(A) All potential direct and indirect pathways linking different attributes of network structure (network size, connectance, modularity, and nestedness) to network robustness. These pathways were quantified on the basis of SEM. (B) Summarized pathway estimates from SEM for all direct and indirect pathways linking network structure to network robustness in grasslands (left) and forests (right), arranged by the different network structure metrics. The intermediate variables linking predictors and robustness as well as direct pathways are indicated by the different colors. The overall effect of a predictor on robustness (i.e., sum of all direct and indirect pathways) is shown with the black bars. Note that all predictor variables were scaled to SD 1 (across both ecosystems) before analyses to make pathway estimates comparable. Detailed results from SEM are given in table S2.

Network changes along the land-use intensity gradient in grasslands

In grasslands, land-use intensity was characterized by the land-use intensity index (LUI), which combines intensities of mowing, grazing, and fertilization. We found profound changes in network measures along LUI that differed significantly from null-model expectations (Fig. 4). High LUI was strongly associated with reduced network modularity (Fig. 4A). This effect was mainly driven by grazing intensity, but also by fertilization intensity, and was not related to changes in network size or connectance (Fig. 4C) and thus not anticipated by the null models. Simultaneously, robustness was directly increased by increasing grazing intensity but was not directly affected by mowing or fertilization (Fig. 4C). In contrast to the null models that predicted no change (grazing) or a slight decrease (mowing and fertilization) in robustness due to declining network size, none of the land-use components was found to decrease robustness, and grazing was even found to be associated with an increase in robustness (Fig. 4A). Nestedness had a positive relationship with network robustness, but differences in nestedness were not explained by differences in land-use intensity (Fig. 4C). The conditional R2 of 0.62 for nestedness in SEM (marginal R2 = 0.02) showed that the variability of nestedness was, however, substantially explained by the random term of the models, i.e., the regional differences. Land-use effects were found to be consistent in most of the sensitivity analyses (figs. S5 to S10). Main deviations were observed for presence-absence networks, for which no effect on modularity was found, indicating the role of species abundances in shaping this pattern.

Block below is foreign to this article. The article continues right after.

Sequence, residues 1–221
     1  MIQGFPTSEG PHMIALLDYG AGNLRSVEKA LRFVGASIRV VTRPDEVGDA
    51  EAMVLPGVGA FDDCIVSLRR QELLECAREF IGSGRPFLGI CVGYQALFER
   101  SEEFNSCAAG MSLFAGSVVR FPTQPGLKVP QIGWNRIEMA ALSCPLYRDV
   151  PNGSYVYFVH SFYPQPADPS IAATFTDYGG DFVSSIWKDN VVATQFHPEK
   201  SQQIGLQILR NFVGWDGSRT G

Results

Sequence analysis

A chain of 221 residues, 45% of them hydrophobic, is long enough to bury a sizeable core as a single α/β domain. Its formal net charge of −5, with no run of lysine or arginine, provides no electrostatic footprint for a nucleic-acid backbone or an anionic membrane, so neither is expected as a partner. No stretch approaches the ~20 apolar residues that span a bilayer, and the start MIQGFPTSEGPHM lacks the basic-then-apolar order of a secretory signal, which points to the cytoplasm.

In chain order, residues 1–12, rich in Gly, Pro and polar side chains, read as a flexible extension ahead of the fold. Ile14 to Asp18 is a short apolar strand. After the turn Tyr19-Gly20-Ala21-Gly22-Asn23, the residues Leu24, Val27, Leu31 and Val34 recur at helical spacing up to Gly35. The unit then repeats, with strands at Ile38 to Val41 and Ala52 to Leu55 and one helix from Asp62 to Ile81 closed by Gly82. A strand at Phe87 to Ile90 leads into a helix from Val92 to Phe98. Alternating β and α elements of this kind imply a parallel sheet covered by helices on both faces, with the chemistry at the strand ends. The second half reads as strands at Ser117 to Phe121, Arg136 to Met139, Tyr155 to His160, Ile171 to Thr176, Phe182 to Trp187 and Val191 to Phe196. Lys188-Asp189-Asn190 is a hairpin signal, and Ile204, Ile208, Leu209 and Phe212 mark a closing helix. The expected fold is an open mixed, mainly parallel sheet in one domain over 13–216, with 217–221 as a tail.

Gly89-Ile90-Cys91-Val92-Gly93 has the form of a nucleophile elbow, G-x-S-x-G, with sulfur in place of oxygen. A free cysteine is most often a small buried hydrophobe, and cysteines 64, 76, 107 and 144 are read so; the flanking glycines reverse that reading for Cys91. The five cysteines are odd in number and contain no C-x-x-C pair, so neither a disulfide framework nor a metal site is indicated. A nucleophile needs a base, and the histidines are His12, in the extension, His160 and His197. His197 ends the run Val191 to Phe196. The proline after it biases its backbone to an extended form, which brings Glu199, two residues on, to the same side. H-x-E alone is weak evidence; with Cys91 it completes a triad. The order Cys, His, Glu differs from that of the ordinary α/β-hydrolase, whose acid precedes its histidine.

Fig. 4 Changes in network structure and robustness along land-use intensity gradients in grasslands.

Posterior distributions of (A) slope estimates and (B) intercept estimates from models testing the effects of land-use intensity on network metrics in observed networks (orange) and null-model networks (purple). Slopes are shown for models on combined land-use intensity and on the single components of land-use intensity. Intercepts correspond to overall means on the original scale of the metric. Curves, probability densities of the posterior distributions; thin lines, 95% highest density interval (HDI); bold lines, 77.6% HDI (no overlap indicates a significant difference on the 5% level); points, highest maximum a posteriori estimates; shaded purple areas, posterior distributions for 100 of 999 null-model realizations. (C) Results from piecewise SEM on the relations of land-use intensity components, network size, connectance, modularity, nestedness, and robustness. Numbers show standardized path coefficients for significant pathways. Positive paths in black, negative in red, and nonsignificant in gray. Conditional R2 values in the boxes. Fisher’s C = 0.81, P = 0.665.

Network changes along the land-use intensity gradient in forests